In their decision regarding Berghuis v. Thompkins, the Court’s majority has decided that a suspect’s three-hour silence does not constitute an invocation of his right to remain silent, while opening his mouth after three hours of silence — to answer a trick question posed by inquisitors — constitutes a waiver of that right. It strains credulity.
Justice Sonia Sotomayor, in the sharpest dissent of her young career on the court, accused the majority of casting aside judicial restraint and creating a rule that marks “a substantial retreat from the protection against compelled self-incrimination” that Miranda established more than 40 years ago.
From the original majority opinion in Miranda:
If the individual indicates in any manner, at any time prior to or during questioning, that he wishes to remain silent, the interrogation must cease…
Suspect Van Chester Thompkins remained mostly silent for three hours of interrogation after reading and being told of his rights to remain silent and have an attorney.
“Today’s decision turns Miranda upside down,” Sotomayor wrote. “Criminal suspects must now unambiguously invoke their right to remain silent, which, counterintuitively, requires them to speak.”
Given the mass exodus of the wrongly-convicted from our prisons since the emergence of reliable DNA testing, it seems to me we should be focusing on something other than running up the score of coerced confessions — notoriously a feature of many of these botched convictions.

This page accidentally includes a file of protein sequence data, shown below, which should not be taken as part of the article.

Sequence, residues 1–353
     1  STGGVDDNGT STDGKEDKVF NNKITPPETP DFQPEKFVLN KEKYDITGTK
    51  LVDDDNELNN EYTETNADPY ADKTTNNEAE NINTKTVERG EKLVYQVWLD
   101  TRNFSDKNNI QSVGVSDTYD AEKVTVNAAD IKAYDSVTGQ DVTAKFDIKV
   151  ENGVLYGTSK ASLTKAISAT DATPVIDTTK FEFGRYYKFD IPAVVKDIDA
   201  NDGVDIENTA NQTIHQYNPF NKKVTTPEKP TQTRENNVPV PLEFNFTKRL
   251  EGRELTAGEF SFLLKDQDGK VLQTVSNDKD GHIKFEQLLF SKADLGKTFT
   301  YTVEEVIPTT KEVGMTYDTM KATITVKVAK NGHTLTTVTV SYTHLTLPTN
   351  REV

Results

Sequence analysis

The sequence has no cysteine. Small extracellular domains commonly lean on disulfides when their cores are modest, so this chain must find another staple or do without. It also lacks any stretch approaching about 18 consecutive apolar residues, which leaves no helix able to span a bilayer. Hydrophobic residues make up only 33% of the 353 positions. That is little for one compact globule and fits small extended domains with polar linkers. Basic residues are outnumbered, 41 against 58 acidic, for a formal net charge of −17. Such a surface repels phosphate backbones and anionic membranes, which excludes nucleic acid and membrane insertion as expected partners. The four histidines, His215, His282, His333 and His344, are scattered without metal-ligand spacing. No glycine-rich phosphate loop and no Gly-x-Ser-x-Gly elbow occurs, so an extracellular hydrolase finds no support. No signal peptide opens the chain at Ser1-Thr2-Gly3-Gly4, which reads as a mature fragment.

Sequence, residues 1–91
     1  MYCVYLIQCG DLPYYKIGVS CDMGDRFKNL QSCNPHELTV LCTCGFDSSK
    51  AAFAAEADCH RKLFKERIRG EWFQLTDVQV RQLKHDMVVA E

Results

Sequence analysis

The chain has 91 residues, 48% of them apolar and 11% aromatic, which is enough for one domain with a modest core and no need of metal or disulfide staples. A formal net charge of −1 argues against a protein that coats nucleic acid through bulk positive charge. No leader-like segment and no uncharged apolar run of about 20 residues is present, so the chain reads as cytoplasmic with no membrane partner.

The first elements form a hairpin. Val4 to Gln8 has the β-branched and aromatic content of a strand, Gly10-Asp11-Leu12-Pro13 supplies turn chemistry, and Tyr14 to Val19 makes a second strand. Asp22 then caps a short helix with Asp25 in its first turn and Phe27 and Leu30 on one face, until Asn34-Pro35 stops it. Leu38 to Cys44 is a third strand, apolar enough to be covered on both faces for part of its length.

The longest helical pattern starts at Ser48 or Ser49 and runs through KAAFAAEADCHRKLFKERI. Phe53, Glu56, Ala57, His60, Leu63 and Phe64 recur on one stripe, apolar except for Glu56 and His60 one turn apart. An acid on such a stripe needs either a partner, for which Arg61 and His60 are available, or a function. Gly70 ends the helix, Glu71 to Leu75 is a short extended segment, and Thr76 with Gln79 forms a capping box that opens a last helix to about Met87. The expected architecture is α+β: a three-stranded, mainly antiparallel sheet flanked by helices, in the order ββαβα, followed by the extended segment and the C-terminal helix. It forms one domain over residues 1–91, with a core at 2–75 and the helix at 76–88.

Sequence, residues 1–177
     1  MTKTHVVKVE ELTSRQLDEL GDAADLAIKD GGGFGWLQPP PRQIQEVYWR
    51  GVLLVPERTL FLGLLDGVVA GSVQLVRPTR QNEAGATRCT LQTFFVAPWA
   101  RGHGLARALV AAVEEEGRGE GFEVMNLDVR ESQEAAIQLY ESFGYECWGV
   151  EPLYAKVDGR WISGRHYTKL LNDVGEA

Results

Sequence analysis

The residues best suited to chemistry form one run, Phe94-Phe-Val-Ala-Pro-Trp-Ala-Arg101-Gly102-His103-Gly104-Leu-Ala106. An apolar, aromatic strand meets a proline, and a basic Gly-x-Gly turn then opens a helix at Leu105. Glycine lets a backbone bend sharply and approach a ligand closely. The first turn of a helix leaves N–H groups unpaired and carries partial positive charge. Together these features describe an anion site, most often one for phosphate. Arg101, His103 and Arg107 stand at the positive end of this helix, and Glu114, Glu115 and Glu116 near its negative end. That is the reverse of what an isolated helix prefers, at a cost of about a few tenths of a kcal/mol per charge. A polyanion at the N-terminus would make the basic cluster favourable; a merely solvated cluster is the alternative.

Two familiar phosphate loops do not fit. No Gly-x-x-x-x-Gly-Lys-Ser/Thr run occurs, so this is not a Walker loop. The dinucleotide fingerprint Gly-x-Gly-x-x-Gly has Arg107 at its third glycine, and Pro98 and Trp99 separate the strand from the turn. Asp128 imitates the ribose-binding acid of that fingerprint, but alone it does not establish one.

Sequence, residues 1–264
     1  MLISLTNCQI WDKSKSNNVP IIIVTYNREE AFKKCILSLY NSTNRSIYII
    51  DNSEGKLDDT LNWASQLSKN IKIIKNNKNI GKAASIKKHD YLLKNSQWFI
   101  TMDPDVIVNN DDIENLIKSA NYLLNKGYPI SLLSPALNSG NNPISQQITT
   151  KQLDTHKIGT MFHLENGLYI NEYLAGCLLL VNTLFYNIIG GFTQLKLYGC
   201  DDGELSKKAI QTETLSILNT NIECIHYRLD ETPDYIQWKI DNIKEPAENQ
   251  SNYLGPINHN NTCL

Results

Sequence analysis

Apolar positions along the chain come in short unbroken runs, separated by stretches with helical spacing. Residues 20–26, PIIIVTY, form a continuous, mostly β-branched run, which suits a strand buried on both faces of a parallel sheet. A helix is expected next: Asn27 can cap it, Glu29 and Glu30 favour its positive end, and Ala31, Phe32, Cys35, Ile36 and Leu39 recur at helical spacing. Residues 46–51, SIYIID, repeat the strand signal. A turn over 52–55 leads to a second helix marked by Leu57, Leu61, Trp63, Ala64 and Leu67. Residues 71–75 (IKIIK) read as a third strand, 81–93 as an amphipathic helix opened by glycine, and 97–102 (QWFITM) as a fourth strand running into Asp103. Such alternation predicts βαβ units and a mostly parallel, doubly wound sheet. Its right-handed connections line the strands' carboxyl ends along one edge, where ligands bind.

Instead, we’re fast moving towards a time where, yes, you can have your rights, but only if you jump up and down on one foot with your eyes closed while reciting the alphabet backwards. If you can’t do it, you’re obviously guilty — or at least a good prospect for conviction; and that’s what counts, isn’t it?
With each decision, it is becoming more clear that the conservative majority on the Court, displaying an astonishing hubris, believes that every previous Supreme Court (in this specific case, the court of Chief Justice Earl Warren, joined in the majority by Justices Black, Douglas, Brennan, and Fortas) was misguided, misinformed, or acting in bad faith on behalf of some shadowy and as-yet-unexplained malevolent force, and that their mission is to undo all the imagined wrongs of these Courts and remake American law in the image that ancient fears, hatreds, and biases — as well as an entirely misappropriated idea of the framers’ intent — have created in their little heads.
It’s also becoming more clear to me with each decision that the beliefs and ideas of the Supreme Court’s conservative majority are exactly what the Constitution and a strong and principled judiciary were designed to protect against.